DRLs would just be another indicator of our “tags,” ultimately, and an intentional cost increase, to ultimately make car ownership too onerous for any but “the rich” – and even then, it will become the Corporation who owns the car, and the driver – and the VIPs will be chaufferred around, while the costs will ultimately be borne by US again. (Higher prices for what consumer goods are actually created; when the wealth doesn’t exist, people don’t buy – the ultimate plan being, reduce us back to peasants, tied to the job instead of the land. Food prices are up again; gas may go back up, given the wars in place to prevent Russian fuel shipments, and disrupt petroleum from the middle east… combined with the nuclear power plant ban here, and the “environmental” prohibitions on drilling for oil where we KNOW oil exists here… )

          Control, control, control.

          “… / kill is such a friendly word / seems the only way – of reaching out again…” -Metallica, Sanitarium

          Need to preserve the human spirit. Cities are unnatural (best, most concise explanations are Batman’s notes, and Rorschach’s comments: Rorschach’s Journal. October 12th, 1985: Dog carcass in alley this morning, tire tread on burst stomach. This city is afraid of me. I have seen its true face. The streets are extended gutters and the gutters are full of blood and when the drains finally scab over, all the vermin will drown. The accumulated filth of all their sex and murder will foam up about their waists and all the whores and politicians will look up and shout “Save us!”… and I’ll whisper “no.” ” and “You see, Doctor, God didn’t kill that little girl. Fate didn’t butcher her and destiny didn’t feed her to those dogs. If God saw what any of us did that night he didn’t seem to mind. From then on I knew… God doesn’t make the world this way. We do.” Batman’s was basically something to the effect of, all cities are self-destructive. The alleyways, the dark corners, the filth, the decay – it rots out those who are trying to be decent, destroys the fabric of civilization, and enables the parasite classes (including ourtight criminals).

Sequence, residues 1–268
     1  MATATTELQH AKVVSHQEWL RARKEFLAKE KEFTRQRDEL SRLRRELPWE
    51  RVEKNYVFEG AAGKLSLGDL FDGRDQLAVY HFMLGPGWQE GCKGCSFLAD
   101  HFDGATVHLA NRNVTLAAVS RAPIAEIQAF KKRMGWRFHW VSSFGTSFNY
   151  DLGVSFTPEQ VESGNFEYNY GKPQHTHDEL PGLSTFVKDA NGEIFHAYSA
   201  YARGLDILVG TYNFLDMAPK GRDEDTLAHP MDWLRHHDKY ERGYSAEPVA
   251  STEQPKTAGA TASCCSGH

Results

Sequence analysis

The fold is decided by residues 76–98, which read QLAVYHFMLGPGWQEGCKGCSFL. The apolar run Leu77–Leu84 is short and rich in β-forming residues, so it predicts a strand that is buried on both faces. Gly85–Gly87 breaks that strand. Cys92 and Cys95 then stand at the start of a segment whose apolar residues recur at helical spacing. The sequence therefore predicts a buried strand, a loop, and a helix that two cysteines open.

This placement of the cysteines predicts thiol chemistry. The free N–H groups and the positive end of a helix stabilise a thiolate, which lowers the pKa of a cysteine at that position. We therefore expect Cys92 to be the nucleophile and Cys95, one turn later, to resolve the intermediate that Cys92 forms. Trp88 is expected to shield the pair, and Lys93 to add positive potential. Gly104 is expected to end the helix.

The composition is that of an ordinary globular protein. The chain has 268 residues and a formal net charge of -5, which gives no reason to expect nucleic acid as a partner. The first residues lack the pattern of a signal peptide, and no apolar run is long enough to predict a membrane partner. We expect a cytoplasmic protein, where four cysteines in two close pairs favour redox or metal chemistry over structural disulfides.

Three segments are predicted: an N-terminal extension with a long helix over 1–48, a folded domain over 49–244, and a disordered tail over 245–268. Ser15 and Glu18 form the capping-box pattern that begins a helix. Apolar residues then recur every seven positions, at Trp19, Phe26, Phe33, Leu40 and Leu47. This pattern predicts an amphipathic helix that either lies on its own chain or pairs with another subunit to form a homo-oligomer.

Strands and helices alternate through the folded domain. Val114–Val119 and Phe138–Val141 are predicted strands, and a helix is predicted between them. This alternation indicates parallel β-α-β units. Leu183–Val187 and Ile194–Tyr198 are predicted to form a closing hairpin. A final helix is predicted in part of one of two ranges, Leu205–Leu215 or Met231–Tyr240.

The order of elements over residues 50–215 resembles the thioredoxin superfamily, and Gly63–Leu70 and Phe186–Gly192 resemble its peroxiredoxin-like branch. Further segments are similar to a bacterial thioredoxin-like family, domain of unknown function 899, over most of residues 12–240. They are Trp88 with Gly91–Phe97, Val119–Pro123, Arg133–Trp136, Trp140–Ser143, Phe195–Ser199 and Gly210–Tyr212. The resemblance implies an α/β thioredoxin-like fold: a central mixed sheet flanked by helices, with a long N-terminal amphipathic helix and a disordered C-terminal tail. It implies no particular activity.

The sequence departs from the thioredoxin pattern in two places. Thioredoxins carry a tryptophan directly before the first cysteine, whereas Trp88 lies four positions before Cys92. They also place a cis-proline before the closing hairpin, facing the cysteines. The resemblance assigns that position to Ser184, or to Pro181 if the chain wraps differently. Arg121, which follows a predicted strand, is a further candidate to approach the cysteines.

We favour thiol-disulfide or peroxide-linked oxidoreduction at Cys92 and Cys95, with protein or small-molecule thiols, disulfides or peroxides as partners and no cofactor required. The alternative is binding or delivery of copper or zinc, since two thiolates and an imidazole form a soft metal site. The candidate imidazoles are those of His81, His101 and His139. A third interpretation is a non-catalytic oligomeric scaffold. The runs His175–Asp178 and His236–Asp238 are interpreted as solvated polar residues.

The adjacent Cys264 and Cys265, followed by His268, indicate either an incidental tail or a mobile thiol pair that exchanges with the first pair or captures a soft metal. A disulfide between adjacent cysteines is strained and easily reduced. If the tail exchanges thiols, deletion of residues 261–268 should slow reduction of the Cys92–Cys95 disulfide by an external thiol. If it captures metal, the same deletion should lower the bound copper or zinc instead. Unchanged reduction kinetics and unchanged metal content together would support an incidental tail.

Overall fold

Fourth turning, perhaps?

  9. I have been using LubroMoly 10/40w synthetic oil with molybdenum for years now in all of my cars, and wow what a difference! A ’94 Ford F150 I once had with a 300cid straight six went from ~15mpg to ~18mpg, with a huge increase in power. (Of course those engines have more built in drag than a VIP party at Bohemian Grove; YMMV.)

    I recently picked up an older Mercedes with a straight six that used to have tappet noise at cold startup and is now whisper quiet, and got a 1-2mpg boost with this oil. Can’t say enough good things about it.

  10. Just replaced the original halogen headlight bulbs on the 2004 Grand Caravan

    $26 out the door for a two-pack of the mid-range Sylvania bulb.

    • Yup!